including abdominal aortic aneurysm repair, carotid artery stenting and
transcatheter aortic valve replacement (TAVR).
6. Telestroke Partnership with Cedars-Sinai Offers 24/7 Access to Advanced
Recognized by Los Angeles County EMS as a designated Comprehensive Stroke
Center, Torrance Memorial has one of the most comprehensive stroke programs
in the South Bay. To further improve stroke care, Torrance Memorial has
partnered with Cedars-Sinai Medical Center to develop a Telestroke program
that offers 24/7 access to stroke specialists.
In place since 2016, the system uses teleconferencing technology to allow
neurologists who are on call at Cedars-Sinai to diagnose patients at the
Torrance Memorial emergency department. This 24-hour coverage is critical
to saving lives and protecting patients’ quality of life.
“When patients are having a stroke, minutes matter,” Dr. Shlee
Song, associate director of the Cedars-Sinai department of neurology stroke
program, says. “The telestroke program is designed to get patients
diagnosed and treated as quickly as possible, without having to be transported
to another hospital.”
7. Improved Diagnosis and Treatment for Vestibular Conditions with Balance Goggles
The vestibular organ is a small structure in your inner ear responsible
for helping you balance. When the vestibular doesn’t function properly,
it can cause vertigo, dizziness and balance problems. Rather than use
medicine to treat the symptoms of vestibular disorders, many doctors and
rehabilitation specialists are successfully treating vestibular disorder
through an exercise-based approach called vestibular rehabilitation therapy (VRT).
The specialists at Torrance Memorial use infrared goggles—the very
latest technology—to determine the origin of the vestibular disorder.
Since vestibular organ and eye reflexes are closely connected, examination
of abnormal eye movement with the goggles helps accurately detect the
specific type of problem. Once an accurate diagnosis has been made, this
information allows the rehab specialist to create an appropriate, individualized
8. Surgical Precision for Breast Cancer Patients with MarginProbe®
The breast surgeons at Torrance Memorial use the MarginProbe during lumpectomy
procedures to test the edges, or margins, of the removed breast tissue.
The system can detect the presence of ductal carcinoma in situ (DCIS),
which is a non-invasive breast cancer. It also detects invasive breast cancer.
Based on this real-time information, the surgeon is able to make an immediate
decision about whether to remove additional tissue from the tumor site
or complete the lumpectomy procedure—rather than waiting for a pathology
report, which could take hours or even several days.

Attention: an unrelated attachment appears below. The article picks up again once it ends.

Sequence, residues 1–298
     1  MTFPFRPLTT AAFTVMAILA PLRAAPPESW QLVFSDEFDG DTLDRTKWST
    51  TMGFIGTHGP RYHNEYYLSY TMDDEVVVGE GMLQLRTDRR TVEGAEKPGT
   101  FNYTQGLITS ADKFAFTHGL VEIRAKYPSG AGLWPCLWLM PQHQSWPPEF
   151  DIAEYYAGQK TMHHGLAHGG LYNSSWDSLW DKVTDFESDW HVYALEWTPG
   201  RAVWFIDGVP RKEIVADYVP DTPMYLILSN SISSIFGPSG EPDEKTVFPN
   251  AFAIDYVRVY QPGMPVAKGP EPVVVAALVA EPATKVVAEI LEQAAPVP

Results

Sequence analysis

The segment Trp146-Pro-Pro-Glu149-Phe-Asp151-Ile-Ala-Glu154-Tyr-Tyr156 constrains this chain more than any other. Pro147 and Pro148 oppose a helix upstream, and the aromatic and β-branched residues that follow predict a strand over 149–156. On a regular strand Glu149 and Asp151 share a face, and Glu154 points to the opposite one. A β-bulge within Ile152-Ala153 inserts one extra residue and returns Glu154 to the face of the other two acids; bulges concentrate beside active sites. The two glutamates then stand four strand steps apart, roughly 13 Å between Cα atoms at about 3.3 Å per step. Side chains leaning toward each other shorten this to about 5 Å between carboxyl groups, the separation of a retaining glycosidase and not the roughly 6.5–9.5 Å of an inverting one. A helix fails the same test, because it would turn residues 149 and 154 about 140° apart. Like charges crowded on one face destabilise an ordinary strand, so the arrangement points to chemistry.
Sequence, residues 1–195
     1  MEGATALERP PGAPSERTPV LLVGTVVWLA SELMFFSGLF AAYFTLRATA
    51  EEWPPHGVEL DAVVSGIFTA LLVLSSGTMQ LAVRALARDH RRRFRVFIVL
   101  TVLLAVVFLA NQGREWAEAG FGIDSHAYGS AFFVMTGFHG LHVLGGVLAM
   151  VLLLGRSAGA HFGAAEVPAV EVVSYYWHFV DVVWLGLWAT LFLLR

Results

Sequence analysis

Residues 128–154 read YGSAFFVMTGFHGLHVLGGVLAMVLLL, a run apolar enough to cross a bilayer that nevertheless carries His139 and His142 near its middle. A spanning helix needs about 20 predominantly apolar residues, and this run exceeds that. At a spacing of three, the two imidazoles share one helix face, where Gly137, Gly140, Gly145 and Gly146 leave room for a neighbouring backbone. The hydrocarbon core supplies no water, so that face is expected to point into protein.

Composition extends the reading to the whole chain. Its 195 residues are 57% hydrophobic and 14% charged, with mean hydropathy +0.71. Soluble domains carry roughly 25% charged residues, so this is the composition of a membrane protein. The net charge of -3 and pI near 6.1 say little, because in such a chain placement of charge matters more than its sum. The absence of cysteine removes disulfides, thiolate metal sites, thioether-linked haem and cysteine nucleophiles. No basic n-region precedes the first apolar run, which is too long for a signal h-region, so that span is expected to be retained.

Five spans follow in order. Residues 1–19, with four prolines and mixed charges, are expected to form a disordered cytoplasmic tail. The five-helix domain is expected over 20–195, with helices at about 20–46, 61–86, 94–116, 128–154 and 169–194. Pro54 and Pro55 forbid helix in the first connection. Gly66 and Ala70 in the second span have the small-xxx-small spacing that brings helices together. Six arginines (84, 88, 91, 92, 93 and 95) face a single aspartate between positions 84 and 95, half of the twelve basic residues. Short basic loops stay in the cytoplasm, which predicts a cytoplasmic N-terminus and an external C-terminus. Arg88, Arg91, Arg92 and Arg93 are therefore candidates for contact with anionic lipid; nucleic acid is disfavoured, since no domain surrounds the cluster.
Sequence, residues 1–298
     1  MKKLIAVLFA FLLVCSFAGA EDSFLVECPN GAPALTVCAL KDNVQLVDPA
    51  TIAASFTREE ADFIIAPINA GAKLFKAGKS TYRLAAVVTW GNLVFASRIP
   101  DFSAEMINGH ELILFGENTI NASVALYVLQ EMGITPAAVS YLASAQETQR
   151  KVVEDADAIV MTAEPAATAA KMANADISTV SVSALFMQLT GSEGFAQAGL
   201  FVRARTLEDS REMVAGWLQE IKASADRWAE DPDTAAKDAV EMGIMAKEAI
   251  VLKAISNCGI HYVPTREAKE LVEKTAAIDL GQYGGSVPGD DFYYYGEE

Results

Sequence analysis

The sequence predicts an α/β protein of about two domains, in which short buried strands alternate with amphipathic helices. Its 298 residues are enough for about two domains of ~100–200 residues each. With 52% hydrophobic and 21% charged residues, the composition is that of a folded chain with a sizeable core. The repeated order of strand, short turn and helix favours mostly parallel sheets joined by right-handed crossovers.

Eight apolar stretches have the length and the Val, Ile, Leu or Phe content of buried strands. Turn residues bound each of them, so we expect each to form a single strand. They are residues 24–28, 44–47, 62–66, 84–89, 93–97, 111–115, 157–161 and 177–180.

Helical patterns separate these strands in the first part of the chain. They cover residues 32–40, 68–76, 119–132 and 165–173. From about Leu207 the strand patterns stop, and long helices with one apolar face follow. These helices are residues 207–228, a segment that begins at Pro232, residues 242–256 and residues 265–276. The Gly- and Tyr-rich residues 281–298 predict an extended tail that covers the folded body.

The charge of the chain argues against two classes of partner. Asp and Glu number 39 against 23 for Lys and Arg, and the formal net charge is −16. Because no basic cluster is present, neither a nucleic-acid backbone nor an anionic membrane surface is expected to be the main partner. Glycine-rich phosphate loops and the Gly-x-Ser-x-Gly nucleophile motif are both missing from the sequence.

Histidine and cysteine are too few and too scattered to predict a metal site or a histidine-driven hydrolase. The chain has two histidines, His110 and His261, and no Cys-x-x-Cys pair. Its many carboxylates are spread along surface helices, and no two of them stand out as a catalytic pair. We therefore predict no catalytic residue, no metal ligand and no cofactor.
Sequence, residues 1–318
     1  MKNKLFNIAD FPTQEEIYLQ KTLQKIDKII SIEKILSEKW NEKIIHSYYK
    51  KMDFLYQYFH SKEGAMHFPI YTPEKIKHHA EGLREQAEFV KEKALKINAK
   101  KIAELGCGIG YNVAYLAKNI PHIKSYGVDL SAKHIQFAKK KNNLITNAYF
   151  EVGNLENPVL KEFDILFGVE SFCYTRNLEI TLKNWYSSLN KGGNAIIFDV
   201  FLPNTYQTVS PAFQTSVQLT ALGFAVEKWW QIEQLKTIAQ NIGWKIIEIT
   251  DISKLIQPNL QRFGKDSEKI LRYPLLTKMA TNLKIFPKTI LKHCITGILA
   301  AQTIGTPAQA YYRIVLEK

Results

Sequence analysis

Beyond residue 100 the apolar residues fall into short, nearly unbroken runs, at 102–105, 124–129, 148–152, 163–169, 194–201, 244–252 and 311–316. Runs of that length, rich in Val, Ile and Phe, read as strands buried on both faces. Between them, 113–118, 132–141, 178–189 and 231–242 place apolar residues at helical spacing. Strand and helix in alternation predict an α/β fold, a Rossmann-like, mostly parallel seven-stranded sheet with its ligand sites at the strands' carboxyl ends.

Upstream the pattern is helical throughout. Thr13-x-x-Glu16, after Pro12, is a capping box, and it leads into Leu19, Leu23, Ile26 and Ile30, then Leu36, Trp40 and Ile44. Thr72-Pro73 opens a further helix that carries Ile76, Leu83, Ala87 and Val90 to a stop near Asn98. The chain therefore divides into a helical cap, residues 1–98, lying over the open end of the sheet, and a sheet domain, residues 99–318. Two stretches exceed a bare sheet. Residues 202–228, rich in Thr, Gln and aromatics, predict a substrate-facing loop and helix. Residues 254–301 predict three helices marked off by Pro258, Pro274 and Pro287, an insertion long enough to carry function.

The use of MarginProbe results in 56% fewer women needing a second surgery.
Other benefits of MarginProbe include a higher likelihood of cancer-free
or “clean” margins, resulting in reduced patient worry and anxiety.
9. Advanced CT Imaging Improves Heart Procedure Outcomes
Traditionally CT scanners have been used for the noninvasive diagnosis
of cardiovascular disease. In a major upgrade, Torrance Memorial will
be acquiring a CT scanner that goes well beyond diagnosing and evaluating
aortic stenosis (narrowing of the aortic valve). This new technology can
identify different types of plaque, assess blood flow through the heart
and even evaluate the molecular processes causing coronary atherosclerosis
(hardening and narrowing of the arteries).
10. A Level III NICU That Keeps Our Tiniest Patients Close to Home
Torrance Memorial has made ongoing investments to provide advanced methods
of care to sick infants in its level III neonatal intensive care unit (NICU).
- High-frequency ventilators to rescue infants experiencing respiratory failure
on a conventional ventilator
- Noninvasive (nasal) mechanical ventilation, which has been shown to reduce
long-term lung problems and shorten hospital stays
- Inhaled nitric oxide therapy (INO) for newborns experiencing severe respiratory
distress syndrome and severe respiratory failure not responsive to conventional
- Therapeutic hypothermia (whole-body cooling) for newborns who have experienced
severe fetal distress and are at risk for brain damage
Additionally the recent NICU renovation offers 23 private rooms, each fully
equipped to provide a complete range of newborn intensive care and each
large enough to accommodate the baby’s family. These private rooms
provide babies and their families with a quiet, controlled environment,
leading to better outcomes for sick or premature infants.
The NICU rooms include a webcam system that continuously streams live video
of the baby 24/7 so parents can check in anytime. This allows parents
to introduce the new baby to siblings who may be too young to visit the
NICU or to out-of-town family members.